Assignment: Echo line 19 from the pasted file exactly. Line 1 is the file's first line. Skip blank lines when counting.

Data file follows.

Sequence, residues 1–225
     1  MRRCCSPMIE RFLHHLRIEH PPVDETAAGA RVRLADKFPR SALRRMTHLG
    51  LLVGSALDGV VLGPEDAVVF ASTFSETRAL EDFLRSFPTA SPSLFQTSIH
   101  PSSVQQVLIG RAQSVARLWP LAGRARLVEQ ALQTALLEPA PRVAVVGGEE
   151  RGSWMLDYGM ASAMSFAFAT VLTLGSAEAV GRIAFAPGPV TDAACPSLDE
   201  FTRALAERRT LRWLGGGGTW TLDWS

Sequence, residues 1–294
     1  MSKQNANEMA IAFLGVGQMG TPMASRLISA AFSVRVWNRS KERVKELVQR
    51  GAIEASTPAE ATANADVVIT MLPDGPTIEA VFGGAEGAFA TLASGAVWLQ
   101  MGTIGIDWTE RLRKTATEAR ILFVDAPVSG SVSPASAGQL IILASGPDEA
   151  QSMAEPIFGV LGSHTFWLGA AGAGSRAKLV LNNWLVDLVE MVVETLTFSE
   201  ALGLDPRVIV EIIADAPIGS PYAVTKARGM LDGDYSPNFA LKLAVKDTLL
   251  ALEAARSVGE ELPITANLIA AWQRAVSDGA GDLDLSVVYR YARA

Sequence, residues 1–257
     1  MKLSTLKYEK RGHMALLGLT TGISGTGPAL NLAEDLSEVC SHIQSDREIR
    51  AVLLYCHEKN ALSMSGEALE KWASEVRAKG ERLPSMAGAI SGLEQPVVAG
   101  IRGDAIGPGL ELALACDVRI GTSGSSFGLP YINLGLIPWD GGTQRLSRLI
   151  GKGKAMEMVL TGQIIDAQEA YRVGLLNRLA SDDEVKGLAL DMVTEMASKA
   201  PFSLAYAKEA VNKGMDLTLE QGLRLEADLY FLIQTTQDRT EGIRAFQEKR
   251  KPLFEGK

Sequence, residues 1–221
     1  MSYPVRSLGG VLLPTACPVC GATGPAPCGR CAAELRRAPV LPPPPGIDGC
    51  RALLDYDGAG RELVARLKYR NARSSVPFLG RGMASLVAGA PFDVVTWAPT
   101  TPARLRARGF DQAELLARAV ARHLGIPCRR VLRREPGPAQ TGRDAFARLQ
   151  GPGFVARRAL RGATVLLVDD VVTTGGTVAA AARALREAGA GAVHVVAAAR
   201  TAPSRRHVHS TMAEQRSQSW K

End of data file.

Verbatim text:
   201  PFSLAYAKEA VNKGMDLTLE QGLRLEADLY FLIQTTQDRT EGIRAFQEKR